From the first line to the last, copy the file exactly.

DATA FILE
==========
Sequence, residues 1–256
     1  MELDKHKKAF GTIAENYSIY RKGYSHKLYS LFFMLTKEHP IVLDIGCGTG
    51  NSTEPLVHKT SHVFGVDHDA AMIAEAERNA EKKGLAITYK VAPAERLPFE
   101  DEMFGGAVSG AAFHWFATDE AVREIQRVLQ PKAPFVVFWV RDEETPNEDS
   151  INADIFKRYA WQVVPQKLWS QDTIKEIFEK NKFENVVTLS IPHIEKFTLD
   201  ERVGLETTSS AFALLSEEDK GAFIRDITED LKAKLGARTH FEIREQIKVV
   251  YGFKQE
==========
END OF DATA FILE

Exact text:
Sequence, residues 1–256
     1  MELDKHKKAF GTIAENYSIY RKGYSHKLYS LFFMLTKEHP IVLDIGCGTG
    51  NSTEPLVHKT SHVFGVDHDA AMIAEAERNA EKKGLAITYK VAPAERLPFE
   101  DEMFGGAVSG AAFHWFATDE AVREIQRVLQ PKAPFVVFWV RDEETPNEDS
   151  INADIFKRYA WQVVPQKLWS QDTIKEIFEK NKFENVVTLS IPHIEKFTLD
   201  ERVGLETTSS AFALLSEEDK GAFIRDITED LKAKLGARTH FEIREQIKVV
   251  YGFKQE